Berkshire also purchased the Dominion Carolina Gas Transmission (DCGT) system, which serves the vast majority of Dominion’s South Carolina gas customers and all of its power plants, with the exception of one gas-fired generator in Aiken County. With the cancellation of the Atlantic Coast Pipeline, Dominion is set to significantly invest in renewables in Virginia in order to comply with Clean Economy Act, which includes a 30% renewables by 2030 and 100% by 2045 standard. While South Carolina does not have a clean electricity standard, Dominion might take the same approach with its South Carolina subsidiary. Legislators unanimously passed the Energy Freedom Act last year that will accelerate community solar programs, residential and utility-scale solar, and battery storage.
Warren Buffett’s Indifference to Global Warming
In 2016, leading climate scientist James Hansen attended Berkshire Hathaway’s annual shareholder meeting. Hansen spoke in support of a shareholder resolution dealing with the risk that climate change poses to the company’s profitability. Berkshire management recommended shareholders vote against the proposal. The climate resolution failed.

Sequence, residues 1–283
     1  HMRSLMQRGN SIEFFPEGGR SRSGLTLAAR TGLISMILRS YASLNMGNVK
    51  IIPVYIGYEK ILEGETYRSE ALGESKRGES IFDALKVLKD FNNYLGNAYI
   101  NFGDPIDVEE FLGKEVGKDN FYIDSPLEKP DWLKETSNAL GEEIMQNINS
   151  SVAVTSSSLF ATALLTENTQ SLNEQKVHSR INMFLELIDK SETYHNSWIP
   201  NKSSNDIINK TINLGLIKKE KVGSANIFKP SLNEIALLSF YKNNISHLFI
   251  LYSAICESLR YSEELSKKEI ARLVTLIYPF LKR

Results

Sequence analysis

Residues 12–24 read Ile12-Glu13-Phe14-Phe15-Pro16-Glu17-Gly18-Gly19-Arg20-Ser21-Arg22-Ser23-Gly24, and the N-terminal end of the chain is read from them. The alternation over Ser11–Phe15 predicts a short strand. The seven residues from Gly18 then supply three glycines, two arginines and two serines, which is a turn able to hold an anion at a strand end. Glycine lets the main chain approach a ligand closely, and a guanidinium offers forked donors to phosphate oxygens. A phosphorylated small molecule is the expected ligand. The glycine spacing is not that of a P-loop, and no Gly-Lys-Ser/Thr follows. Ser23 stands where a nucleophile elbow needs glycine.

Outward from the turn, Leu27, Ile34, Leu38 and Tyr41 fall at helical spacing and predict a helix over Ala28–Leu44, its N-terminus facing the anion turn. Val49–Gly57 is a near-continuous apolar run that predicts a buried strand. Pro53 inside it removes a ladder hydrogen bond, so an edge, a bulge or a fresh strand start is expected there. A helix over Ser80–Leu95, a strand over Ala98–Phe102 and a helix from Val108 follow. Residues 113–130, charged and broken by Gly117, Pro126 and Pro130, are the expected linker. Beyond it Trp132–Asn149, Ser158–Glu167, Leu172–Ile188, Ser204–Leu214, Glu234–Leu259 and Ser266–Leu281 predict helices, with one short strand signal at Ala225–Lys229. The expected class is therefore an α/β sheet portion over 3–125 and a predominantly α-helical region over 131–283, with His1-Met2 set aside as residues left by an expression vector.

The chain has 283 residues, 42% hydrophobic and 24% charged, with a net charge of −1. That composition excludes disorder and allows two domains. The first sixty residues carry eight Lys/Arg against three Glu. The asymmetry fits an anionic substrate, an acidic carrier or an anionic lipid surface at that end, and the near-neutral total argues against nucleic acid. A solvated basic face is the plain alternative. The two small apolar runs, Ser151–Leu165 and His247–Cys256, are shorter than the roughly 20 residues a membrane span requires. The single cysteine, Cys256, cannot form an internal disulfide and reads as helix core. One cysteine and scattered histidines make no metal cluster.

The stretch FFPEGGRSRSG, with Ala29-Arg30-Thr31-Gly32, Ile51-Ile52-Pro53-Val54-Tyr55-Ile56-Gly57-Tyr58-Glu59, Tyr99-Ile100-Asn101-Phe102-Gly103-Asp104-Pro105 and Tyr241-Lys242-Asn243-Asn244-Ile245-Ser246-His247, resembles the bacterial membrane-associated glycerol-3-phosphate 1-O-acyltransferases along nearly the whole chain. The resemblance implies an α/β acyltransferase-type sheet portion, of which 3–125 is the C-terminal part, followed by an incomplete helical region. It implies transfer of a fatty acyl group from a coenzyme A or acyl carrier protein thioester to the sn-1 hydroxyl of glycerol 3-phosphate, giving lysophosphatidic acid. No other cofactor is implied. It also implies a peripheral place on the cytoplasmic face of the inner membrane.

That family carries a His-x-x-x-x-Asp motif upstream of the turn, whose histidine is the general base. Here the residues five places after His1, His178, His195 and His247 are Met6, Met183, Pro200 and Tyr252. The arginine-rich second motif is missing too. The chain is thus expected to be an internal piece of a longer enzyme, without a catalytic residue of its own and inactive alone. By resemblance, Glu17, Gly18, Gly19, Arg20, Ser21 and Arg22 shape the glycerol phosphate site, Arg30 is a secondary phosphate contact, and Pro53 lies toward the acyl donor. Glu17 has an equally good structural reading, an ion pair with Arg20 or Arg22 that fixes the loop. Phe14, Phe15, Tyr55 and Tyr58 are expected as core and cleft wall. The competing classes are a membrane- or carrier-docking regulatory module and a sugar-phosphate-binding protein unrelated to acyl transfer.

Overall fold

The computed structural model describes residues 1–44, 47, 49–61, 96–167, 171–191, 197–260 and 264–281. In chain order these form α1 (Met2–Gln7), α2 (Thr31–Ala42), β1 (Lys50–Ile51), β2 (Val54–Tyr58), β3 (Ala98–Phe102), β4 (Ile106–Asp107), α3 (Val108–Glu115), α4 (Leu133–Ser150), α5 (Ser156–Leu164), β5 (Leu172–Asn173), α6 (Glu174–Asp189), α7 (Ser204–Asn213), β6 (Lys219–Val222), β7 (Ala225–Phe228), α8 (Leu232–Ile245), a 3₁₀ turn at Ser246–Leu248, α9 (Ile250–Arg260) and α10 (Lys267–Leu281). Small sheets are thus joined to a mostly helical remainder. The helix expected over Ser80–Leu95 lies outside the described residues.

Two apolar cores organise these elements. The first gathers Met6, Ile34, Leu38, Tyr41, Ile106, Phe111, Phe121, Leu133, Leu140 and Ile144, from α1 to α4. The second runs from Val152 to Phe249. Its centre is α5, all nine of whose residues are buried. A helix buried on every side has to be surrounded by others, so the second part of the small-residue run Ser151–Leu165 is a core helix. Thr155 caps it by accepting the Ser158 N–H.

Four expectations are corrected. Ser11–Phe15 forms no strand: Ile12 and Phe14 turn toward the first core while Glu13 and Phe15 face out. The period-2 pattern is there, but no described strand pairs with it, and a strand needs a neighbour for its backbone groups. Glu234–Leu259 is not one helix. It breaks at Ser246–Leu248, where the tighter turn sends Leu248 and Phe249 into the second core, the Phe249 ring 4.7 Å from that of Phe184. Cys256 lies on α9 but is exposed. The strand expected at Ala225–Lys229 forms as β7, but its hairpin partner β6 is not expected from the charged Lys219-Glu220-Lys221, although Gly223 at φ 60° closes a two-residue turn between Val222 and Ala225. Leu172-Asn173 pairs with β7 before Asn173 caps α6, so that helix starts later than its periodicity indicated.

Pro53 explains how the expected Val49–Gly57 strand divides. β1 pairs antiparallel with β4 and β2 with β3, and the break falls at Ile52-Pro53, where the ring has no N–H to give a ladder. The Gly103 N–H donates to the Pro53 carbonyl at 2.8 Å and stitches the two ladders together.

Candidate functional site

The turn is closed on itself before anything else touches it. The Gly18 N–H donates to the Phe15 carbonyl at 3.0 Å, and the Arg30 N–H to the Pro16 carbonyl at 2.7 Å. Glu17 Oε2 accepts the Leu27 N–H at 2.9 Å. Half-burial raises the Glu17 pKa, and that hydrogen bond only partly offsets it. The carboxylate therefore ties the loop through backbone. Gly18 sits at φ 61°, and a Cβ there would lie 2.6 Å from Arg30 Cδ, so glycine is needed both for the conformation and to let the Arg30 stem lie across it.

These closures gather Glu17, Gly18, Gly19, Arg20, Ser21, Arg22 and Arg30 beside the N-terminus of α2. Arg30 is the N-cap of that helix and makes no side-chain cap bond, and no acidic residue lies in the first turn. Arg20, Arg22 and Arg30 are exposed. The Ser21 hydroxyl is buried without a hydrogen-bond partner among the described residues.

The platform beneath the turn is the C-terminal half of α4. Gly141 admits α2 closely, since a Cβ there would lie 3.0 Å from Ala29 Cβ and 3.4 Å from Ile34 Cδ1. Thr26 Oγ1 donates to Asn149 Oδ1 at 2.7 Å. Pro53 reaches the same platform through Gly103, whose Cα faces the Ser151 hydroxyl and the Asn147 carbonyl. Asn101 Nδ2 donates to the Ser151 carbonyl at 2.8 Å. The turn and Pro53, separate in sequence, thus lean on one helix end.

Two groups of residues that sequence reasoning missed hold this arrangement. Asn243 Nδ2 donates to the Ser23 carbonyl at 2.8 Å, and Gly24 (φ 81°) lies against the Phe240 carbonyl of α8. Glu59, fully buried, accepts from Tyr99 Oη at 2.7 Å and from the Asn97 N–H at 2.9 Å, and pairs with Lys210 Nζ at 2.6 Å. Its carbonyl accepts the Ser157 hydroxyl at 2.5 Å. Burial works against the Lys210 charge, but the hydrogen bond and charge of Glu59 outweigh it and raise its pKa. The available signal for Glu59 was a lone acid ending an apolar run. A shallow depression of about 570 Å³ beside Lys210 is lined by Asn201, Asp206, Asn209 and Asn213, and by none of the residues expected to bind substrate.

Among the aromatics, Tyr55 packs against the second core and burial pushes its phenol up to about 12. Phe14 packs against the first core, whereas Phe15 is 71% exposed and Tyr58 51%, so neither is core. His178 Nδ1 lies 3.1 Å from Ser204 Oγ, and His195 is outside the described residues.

In Buffett’s letter to investors that year, he wrote, “It seems highly likely to me that climate change poses a major problem for the planet. I say ‘highly likely’ rather than ‘certain’ because I have no scientific aptitude and remember well the dire predictions of most ‘experts’ about Y2K.” He also added that climate change should not be a worry for investors in the company.
One of Buffett’s subsidiaries, BNSF, also remains a member of the climate-denying organization American Coalition for Clean Coal Electricity (also referred to as America’s Power).
Notes about EPA Greenhouse Gas Emission Reporting Program Data
EPA’s GHG reporting program uses global warming potential values from the IPCC’s Fourth Assessment Report (AR4). IPCC’s AR5 increased the global warming potential for methane, which means EPA’s data undervalues Berkshire Hathaway’s contribution to global warming.
Additionally, the EPA program does not require companies to report small facilities, which leads to under-accounting. Dominion Energy’s 2019 Methane Emissions Reduction Report provides the company’s corporate inventory of methane emissions for comparison to the emissions it reported to the EPA in 2018. In other words, Berkshire Energy purchased more CO2e from Dominion than the amounts found in the EPA dataset.
Featured image source: President Barack Obama meets with Warren Buffett, the Chairman of Berkshire Hathaway, in the Oval Office, July 18, 2011. (Official White House Photo by Pete Souza). Wikipedia Commons.